Wednesday May 16, 2012 07:15

New Developments in Electric Cars

Posted by Randy

Rising gas prices and improved technology combine to make electrics more appealing than ever. Or at least that seems to be the prediction of auto makers.

American car makers, not previously all that enthused about electrics or hybrids, are getting into the game in a big way. GM will continue to market the plug-in hybrid Volt, and has introduced another plug-in hybrid model, the Opel Ampera, for the European market. There are also rumors of a Cadillac electric coming in 2013, and a plug-in hybrid SUV that seats five.

Ford plans to introduce no less than five electric car models in 2012. Leading the pack is the Focus Electric, a pure battery-powered vehicle that also incorporates a large percentage of recycled material in its manufacture and other eco-friendly features. It gets about 70 miles to a charge and, using a 240-volt recharge station, recharges its batteries in three to four hours.

The Japanese

Nissan will continue marketing a new version of its Leaf with half the recharge time of the 2011 version. Mitsubishi will introduce the I MiEV (don’t ask me how to pronounce that), which is a strange-looking bubble-topped bit of technology that has a lower price tag than most electrics: about $28,000 when electrics and hybrids usually run $30,000 to $35,000. It’s also the lightest standard electric on the market at 2,800 pounds.

Toyota will buck the trend toward smaller electric cars with its Rav4 EV, an electric version of Toyota’s SUV. This will be the first all-electric Toyota offered to the general public. The company’s Scion IQ EV will be reintroduced, but as before it will be offered only to car-sharing services and fleets.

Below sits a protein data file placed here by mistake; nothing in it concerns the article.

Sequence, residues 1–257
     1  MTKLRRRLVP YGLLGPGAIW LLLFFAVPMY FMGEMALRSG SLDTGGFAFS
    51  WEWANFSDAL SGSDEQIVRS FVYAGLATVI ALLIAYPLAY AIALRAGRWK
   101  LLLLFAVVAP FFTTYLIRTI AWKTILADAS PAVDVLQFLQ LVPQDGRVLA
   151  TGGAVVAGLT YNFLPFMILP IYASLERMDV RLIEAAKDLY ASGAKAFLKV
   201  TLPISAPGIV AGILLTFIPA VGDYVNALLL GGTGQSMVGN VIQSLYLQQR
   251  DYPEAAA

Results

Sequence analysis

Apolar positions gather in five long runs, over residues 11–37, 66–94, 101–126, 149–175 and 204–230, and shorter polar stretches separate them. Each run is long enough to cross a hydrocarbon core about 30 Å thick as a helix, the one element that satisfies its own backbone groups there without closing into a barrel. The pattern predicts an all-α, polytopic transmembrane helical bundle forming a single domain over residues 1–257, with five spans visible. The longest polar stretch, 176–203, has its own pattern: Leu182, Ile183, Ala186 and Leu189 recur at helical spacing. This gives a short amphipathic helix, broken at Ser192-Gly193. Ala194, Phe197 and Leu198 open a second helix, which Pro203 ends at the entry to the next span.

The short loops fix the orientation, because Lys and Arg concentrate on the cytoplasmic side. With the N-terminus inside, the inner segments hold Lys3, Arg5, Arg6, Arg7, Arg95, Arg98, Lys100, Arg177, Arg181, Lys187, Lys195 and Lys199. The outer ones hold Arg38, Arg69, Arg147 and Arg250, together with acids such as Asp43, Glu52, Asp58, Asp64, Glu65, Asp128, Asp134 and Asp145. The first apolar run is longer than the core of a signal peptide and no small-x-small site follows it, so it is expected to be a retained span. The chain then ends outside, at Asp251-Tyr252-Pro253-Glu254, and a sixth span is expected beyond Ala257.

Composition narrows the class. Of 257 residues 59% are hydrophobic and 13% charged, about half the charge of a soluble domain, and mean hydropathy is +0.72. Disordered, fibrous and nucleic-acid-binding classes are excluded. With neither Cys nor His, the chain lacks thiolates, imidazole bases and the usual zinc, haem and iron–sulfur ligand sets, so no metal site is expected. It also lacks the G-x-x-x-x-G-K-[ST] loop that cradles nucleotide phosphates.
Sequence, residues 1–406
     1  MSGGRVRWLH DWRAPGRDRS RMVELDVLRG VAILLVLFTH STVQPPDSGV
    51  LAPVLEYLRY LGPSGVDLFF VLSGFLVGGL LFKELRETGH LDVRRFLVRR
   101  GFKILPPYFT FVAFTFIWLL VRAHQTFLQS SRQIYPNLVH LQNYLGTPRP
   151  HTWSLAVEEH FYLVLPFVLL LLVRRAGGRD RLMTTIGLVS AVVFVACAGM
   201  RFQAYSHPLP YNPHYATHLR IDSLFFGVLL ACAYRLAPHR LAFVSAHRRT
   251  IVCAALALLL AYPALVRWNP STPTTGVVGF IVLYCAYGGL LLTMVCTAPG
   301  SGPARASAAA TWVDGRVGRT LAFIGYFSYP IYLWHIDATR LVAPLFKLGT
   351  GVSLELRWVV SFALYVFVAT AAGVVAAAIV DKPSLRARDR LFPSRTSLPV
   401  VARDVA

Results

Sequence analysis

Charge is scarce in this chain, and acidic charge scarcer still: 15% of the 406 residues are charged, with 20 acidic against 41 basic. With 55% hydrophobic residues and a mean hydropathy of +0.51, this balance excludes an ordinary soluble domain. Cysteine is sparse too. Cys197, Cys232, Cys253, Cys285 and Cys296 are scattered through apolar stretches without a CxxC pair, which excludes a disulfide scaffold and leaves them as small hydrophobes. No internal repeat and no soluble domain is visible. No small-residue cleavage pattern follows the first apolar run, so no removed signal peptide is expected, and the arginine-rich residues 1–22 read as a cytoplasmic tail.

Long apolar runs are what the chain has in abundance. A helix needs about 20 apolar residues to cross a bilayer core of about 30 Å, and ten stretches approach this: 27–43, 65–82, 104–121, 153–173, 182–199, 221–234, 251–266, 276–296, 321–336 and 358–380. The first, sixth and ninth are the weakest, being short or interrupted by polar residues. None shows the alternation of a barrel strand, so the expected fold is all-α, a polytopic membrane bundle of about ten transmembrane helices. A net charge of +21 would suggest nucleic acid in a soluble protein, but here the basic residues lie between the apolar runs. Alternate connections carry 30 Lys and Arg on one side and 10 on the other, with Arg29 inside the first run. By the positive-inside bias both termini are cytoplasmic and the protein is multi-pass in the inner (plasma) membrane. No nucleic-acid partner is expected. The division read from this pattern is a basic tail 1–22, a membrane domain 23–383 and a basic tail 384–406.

The big news coming out of European auto makers in the electric-car field is from BMW, which will introduce the i3 all-electric and the i8 plug-in hybrid.

Other European car makers will also offer electrics, but they’re a bit non-standard. Included in this category is the KTM E3W, a three-wheeled vehicle made entirely of plastic. It’s a two-seater, travels a bit over 60 miles on a charge, and costs a pittance at roughly $7,250.

The Schluckspecht E is another non-standard car. It has a top speed of only 28 mph and only seats one person, but has a range of more than a thousand miles on a charge.

Volkswagen is also introducing a single-seat electric that’s designed mainly for commuters. Details on the new VW are lacking but it may resemble the L1 concept car that the company introduced some years back.

A Trend?

It remains to be seen how well the new electrics will sell. However, there’s no doubt that car makers are putting more than a toe in the water. The factors that favor no-gas cars are with us, aren’t going away, and will only increase as time goes by.

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